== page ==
George Pearson Centre Is a Zombie

By Paul Caune and Victor Schwartzman 
Posted Jan 27, 2012

For sixty years, like a zombie from George Romero’s film Night of the Living Dead, the George Pearson Centre, a 126 bed nursing home for adults with disabilities in Vancouver, B.C., has eaten the freedom and dignity of British Columbians with disabilities. Despite years of promises of reform it is a prison rather than a home. 

Originally founded in 1952 as a sanatorium for people infected with TB, Pearson quickly became an institution also housing people who needed iron lungs because of complications related to Polio.  Thankfully, within eight years, cures were discovered for both TB and Polio. But the undead institution continued to shamble on.

A new life for the undead institution was found in 1965, when the Government of B.C. shut down three decrepit homes for so-called “incurables” and placed the residents in Pearson.  Since then, the entire Province has used Pearson as a dumping ground for adults with serious disabilities.   

In the early 1970s, the Government made the strategic decision to liberate (deinstitutionalize) children and adults from BC’s ghastly institutions (such
as the Woodlands School in New Westminster). For unknown reasons, the residents of Pearson, a group people with serious cognitive and disabilities, were not included.  At its peak, Pearson was “home” to over 300 residents.  Currently there are 126 residents. 

There is a long trail of reports from mainstream media, academics, advocacy organizations supporting concerns about Pearson, even including oblivious admissions from civil servants.  The reports and admissions reveal a pattern of abuse, bullying, degradation, neglect, mediocrity and incompetence.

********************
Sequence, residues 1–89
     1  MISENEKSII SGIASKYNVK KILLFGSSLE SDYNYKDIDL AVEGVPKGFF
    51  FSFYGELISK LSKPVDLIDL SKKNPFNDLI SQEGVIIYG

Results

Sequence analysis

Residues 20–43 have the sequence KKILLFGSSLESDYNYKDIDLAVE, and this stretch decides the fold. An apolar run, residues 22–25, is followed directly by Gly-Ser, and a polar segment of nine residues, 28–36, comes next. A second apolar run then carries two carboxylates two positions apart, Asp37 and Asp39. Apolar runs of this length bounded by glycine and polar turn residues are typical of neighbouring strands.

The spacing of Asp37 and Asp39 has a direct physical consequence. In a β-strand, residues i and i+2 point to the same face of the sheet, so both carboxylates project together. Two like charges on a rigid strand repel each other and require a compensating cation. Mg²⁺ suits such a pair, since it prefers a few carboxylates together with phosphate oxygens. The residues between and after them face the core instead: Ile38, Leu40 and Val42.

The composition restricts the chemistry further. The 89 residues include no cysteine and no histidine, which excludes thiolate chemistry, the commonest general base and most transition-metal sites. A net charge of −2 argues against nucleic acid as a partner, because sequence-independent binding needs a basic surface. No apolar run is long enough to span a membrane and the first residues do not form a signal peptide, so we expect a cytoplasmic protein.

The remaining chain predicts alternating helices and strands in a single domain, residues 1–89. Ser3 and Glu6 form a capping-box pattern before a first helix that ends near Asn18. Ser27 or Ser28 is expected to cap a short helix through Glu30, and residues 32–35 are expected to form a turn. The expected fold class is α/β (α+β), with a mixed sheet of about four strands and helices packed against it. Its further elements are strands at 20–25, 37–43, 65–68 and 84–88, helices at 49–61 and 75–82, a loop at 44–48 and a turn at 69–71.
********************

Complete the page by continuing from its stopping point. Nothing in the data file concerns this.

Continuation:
These reports also reveal that most of the residents of Pearson never wanted to live there and want to get out of it as soon as possible.  For more information on this information, please go to 

Why is it reasonable to write that Pearson is a prison rather than a home?  Are not the Pearson residents people who suffer from extremely serious physical and/or cognitive disabilities, and who could not live on the “outside”?  Is not an institution such as Pearson necessary?  And is it not necessary to run it in a certain way, especially in these days of budget cutbacks when people without stock options are lucky to get anything? 

As Paul Caune says, “We are all entitled to our own opinion, not our own facts.”   

Pearson Life v. Decent Life 

Paul Caune, Executive Director of Civil Rights Now! (
describes himself as a former inmate of Pearson.  “I will demonstrate that the only residents of Pearson who get good care are those who do not live there. 

I will demonstrate that by comparing the facts of life at Pearson with the facts of life where I live now.  Both Pearson and my apartment are in the same
city.  They are funded by the Vancouver Coastal Health Authority. 

“We start with life at Pearson, and then go to my apartment. These are the facts, taken from

  • Pearson residents get a shower only once a week.
  • Staff decide what the residents’ bowel routines will be.
  • Most residents have one to three roommates; there is very little privacy.
  • All residents are under 24/7 surveillance, as dictated by the medical model.
  • Residents lose the person-with-disability pension of $700-900 a month because they live in a ‘hospital’, so their disposable income is reduced to $95 month.  That $95 is all they have for a telephone, toiletries, transportation, entertainment, clothes, etc. 
  • Residents cannot get insurance against theft.  Insurance companies say there is so much theft  they won’t insure residents.  Vancouver Coastal Health refuses to take responsibility for residents’ property which is stolen. Theft of residents’ property, most often likely by staff, is believed to be widespread.